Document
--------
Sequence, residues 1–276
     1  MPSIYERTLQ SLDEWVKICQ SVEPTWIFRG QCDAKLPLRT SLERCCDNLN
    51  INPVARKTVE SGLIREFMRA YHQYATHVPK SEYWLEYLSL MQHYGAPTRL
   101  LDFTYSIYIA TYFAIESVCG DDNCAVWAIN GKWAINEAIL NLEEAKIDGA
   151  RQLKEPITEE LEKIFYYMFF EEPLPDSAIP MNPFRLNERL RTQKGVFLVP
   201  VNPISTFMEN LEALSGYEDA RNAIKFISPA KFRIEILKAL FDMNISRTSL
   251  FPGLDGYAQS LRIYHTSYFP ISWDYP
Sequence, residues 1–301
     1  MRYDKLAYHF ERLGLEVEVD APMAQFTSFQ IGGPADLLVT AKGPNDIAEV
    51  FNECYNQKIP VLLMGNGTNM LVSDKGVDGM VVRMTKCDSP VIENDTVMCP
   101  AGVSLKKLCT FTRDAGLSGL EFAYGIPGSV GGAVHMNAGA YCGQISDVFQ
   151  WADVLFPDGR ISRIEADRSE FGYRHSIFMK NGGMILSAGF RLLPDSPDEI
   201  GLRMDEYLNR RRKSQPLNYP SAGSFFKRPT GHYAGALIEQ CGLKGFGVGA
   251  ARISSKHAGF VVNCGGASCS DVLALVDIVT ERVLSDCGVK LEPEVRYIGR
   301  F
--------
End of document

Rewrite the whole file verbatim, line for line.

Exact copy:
Sequence, residues 1–276
     1  MPSIYERTLQ SLDEWVKICQ SVEPTWIFRG QCDAKLPLRT SLERCCDNLN
    51  INPVARKTVE SGLIREFMRA YHQYATHVPK SEYWLEYLSL MQHYGAPTRL
   101  LDFTYSIYIA TYFAIESVCG DDNCAVWAIN GKWAINEAIL NLEEAKIDGA
   151  RQLKEPITEE LEKIFYYMFF EEPLPDSAIP MNPFRLNERL RTQKGVFLVP
   201  VNPISTFMEN LEALSGYEDA RNAIKFISPA KFRIEILKAL FDMNISRTSL
   251  FPGLDGYAQS LRIYHTSYFP ISWDYP
Sequence, residues 1–301
     1  MRYDKLAYHF ERLGLEVEVD APMAQFTSFQ IGGPADLLVT AKGPNDIAEV
    51  FNECYNQKIP VLLMGNGTNM LVSDKGVDGM VVRMTKCDSP VIENDTVMCP
   101  AGVSLKKLCT FTRDAGLSGL EFAYGIPGSV GGAVHMNAGA YCGQISDVFQ
   151  WADVLFPDGR ISRIEADRSE FGYRHSIFMK NGGMILSAGF RLLPDSPDEI
   201  GLRMDEYLNR RRKSQPLNYP SAGSFFKRPT GHYAGALIEQ CGLKGFGVGA
   251  ARISSKHAGF VVNCGGASCS DVLALVDIVT ERVLSDCGVK LEPEVRYIGR
   301  F